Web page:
Archive for August, 2015

Fat Letters Aren’t Helping

August 12, 2015 — One of the murky mysteries of obesity policies is exactly why anyone ever thought it would be helpful to send fat letters home from school to parents. Now we have two studies that find no benefit to students for BMI screening and notification at school. The first, published by Kristine Madsen in 2011, found no […]

Name Calling in the New York Times

August 11, 2015 — The number one most emailed story from the New York Times this weekend is one that fell just short of name calling against three different scientists. The narrative behind this story is that funding for research and dialog about the health effects of physical activity is a key ploy by Coca Cola to persuade people […]

Can We Have a Little Middle Ground on Nutrition?

August 10, 2015 — Middle ground on nutrition is hard to find. Disciples of various nutritional dogmas make it scarce. There’s no scarcity of nutrition causes for people to argue and two of them are in the news this week: breastfeeding and the Paleo Diet®. National Breastfeeding Week is just behind us and hopefully the phenomenon of shaming mothers who are unsuccessful will […]

Halfway There in Developing Obesity Care?

August 9, 2015 — Progress in developing obesity care options is very encouraging, and at the same time frustrating. Friday, Novo Nordisk reported on early results from introducing Saxenda — the fourth new obesity treatment in as many years — into the U.S. Uptake is encouraging, with prescriptions that are growing steadily at a volume comparable to other recent introductions. For […]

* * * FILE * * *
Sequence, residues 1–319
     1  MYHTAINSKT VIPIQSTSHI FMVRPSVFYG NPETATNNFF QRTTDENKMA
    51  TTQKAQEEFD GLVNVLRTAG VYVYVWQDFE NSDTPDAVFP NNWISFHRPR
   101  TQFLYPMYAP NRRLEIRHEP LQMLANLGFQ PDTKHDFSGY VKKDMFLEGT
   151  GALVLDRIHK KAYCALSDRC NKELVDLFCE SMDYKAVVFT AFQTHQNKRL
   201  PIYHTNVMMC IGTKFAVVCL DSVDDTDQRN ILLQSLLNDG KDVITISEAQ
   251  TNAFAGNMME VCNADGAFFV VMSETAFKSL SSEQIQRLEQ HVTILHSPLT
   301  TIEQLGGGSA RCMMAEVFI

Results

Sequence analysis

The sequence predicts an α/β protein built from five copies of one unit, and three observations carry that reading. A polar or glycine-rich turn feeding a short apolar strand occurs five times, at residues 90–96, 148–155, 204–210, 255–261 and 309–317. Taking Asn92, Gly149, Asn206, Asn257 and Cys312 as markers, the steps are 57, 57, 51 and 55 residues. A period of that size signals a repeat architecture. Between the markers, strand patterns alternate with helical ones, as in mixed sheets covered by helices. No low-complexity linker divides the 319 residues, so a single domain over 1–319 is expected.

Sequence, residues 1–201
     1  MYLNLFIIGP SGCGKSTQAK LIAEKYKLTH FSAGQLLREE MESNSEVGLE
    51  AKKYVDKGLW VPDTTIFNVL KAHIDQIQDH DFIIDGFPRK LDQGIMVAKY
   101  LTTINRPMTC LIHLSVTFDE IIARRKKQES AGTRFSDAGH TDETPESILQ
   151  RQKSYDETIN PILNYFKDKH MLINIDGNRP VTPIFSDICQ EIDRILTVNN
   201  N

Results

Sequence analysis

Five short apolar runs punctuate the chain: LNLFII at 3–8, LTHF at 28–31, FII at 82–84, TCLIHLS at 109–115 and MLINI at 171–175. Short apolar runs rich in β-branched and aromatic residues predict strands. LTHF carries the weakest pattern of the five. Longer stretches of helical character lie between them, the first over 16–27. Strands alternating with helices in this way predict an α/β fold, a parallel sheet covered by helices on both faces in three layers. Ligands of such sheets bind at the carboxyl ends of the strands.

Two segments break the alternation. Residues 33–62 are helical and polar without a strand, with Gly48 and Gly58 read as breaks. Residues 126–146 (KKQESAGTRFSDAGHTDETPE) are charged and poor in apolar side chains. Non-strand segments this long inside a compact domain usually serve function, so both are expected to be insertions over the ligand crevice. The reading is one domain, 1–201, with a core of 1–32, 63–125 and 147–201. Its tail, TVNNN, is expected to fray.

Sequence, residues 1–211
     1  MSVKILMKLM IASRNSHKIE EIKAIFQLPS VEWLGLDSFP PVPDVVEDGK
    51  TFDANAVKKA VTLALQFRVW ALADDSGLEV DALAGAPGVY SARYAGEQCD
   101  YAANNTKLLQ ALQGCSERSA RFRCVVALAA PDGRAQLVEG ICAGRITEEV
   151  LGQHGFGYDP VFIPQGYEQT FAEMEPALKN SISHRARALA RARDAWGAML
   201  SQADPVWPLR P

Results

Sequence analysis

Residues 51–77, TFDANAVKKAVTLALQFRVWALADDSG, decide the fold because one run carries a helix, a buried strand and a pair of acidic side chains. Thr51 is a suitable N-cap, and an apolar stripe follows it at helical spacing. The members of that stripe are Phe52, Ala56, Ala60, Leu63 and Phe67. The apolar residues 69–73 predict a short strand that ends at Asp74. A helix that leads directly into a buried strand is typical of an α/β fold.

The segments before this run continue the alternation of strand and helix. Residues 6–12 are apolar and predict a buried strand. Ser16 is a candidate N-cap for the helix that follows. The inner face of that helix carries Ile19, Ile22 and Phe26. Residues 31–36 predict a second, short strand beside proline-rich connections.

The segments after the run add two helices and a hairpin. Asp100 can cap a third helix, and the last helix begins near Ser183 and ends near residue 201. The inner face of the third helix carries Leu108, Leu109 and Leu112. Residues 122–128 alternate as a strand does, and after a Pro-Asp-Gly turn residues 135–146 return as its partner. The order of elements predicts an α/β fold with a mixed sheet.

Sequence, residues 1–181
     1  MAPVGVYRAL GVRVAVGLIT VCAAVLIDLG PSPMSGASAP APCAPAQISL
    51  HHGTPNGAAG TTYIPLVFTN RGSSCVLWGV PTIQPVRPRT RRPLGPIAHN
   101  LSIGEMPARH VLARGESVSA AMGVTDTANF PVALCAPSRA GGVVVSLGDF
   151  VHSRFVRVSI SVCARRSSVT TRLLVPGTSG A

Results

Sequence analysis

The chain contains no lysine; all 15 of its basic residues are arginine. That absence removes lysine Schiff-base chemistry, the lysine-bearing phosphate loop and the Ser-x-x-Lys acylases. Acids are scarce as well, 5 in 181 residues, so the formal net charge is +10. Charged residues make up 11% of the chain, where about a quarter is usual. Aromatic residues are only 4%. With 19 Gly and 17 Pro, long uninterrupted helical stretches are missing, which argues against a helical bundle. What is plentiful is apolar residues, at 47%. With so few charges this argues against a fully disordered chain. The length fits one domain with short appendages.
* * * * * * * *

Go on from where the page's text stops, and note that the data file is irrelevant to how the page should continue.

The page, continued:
Reason to Rethink Obesity Awareness Campaigns

August 8, 2015 — An intriguing new study of the relationship between obesity awareness and subsequent weight gain has stirred up important questions and a few stupid headlines. Eric Robinson and colleagues studied self-perception of overweight as a risk factor for subsequent weight gain or loss. Since many public health campaigns aim to raise awareness about obesity, it’s well […]

A Distracting Debate About Taxing Sugar

August 7, 2015 — After two decades of fighting obesity, policymakers are still guessing about what will work. The polarized debate about taxing sugar provides a vivid example in the BMJ this week. A debate continues because evidence about the real world effects of such a tax is inadequate. But for people with obesity, such debates are, at best, a […]

Another Balloon Crosses the Finish Line – Orbera Approved

August 6, 2015 — Late yesterday, FDA approved the Orbera gastric balloon as a short-term treatment for obesity. This makes two FDA approvals for medical devices to treat obesity – booth gastric balloons – in one week. Counting the Maestro VBLOC system approved in January, we now have three devices approved this year after more than a decade passing […]

Spinning Out of Control

August 6, 2015 — Is scientific spin spinning out of control? Shall we blame reporters, journal editors, university press officers, researchers, or an old favorite, industry? The most recent case in point emanates from the New England Journal of Medicine. That venerable publication assiduously cultivates an image of stodgy, conservative, academic credibility. But they also have a YouTube channel to prove […]

A Hard Look at Quality of Life

August 5, 2015 — Finding an objective view of quality of life for adolescents who choose to have bariatric surgery is not easy. So it’s worth taking a look at a new publication in Obesity that examines this very subject in 88 adolescents followed for two years after gastric bypass surgery. These were kids who had severe obesity (average […]

Obesity Economics: 4 Insights

August 4, 2015 — Tucked away in the July issue of PharmacoEconomics is a treasure trove of insights into obesity economics. Some of the world’s top experts on economics and obesity have contributed 13 papers that provide a remarkably complete resource on the subject and support four key insights. A Big Burden. With a third of the world’s population […]